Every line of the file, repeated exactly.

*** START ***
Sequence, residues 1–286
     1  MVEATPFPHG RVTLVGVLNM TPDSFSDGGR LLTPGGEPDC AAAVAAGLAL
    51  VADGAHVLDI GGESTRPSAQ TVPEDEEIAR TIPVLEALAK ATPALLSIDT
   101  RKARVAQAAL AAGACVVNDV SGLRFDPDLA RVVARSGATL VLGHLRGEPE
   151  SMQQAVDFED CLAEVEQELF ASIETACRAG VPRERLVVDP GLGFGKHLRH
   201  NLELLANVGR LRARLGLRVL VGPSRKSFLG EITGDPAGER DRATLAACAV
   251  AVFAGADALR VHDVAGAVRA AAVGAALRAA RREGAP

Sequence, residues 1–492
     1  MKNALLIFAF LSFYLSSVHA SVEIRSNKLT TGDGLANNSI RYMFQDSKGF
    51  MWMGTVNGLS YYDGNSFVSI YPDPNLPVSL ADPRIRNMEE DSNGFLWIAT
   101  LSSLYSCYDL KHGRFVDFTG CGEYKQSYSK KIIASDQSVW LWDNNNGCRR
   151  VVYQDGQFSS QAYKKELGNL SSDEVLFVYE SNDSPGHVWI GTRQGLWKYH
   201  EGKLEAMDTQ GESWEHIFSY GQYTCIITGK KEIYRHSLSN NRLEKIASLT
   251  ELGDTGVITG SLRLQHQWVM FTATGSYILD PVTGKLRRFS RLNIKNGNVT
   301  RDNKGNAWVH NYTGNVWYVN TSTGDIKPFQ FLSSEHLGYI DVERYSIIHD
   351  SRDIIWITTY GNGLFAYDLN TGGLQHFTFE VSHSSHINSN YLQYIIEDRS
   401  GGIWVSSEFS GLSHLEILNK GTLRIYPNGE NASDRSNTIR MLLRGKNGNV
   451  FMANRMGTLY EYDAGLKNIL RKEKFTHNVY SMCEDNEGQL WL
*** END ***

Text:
Sequence, residues 1–286
     1  MVEATPFPHG RVTLVGVLNM TPDSFSDGGR LLTPGGEPDC AAAVAAGLAL
    51  VADGAHVLDI GGESTRPSAQ TVPEDEEIAR TIPVLEALAK ATPALLSIDT
   101  RKARVAQAAL AAGACVVNDV SGLRFDPDLA RVVARSGATL VLGHLRGEPE
   151  SMQQAVDFED CLAEVEQELF ASIETACRAG VPRERLVVDP GLGFGKHLRH
   201  NLELLANVGR LRARLGLRVL VGPSRKSFLG EITGDPAGER DRATLAACAV
   251  AVFAGADALR VHDVAGAVRA AAVGAALRAA RREGAP

Sequence, residues 1–492
     1  MKNALLIFAF LSFYLSSVHA SVEIRSNKLT TGDGLANNSI RYMFQDSKGF
    51  MWMGTVNGLS YYDGNSFVSI YPDPNLPVSL ADPRIRNMEE DSNGFLWIAT
   101  LSSLYSCYDL KHGRFVDFTG CGEYKQSYSK KIIASDQSVW LWDNNNGCRR
   151  VVYQDGQFSS QAYKKELGNL SSDEVLFVYE SNDSPGHVWI GTRQGLWKYH
   201  EGKLEAMDTQ GESWEHIFSY GQYTCIITGK KEIYRHSLSN NRLEKIASLT
   251  ELGDTGVITG SLRLQHQWVM FTATGSYILD PVTGKLRRFS RLNIKNGNVT
   301  RDNKGNAWVH NYTGNVWYVN TSTGDIKPFQ FLSSEHLGYI DVERYSIIHD
   351  SRDIIWITTY GNGLFAYDLN TGGLQHFTFE VSHSSHINSN YLQYIIEDRS
   401  GGIWVSSEFS GLSHLEILNK GTLRIYPNGE NASDRSNTIR MLLRGKNGNV
   451  FMANRMGTLY EYDAGLKNIL RKEKFTHNVY SMCEDNEGQL WL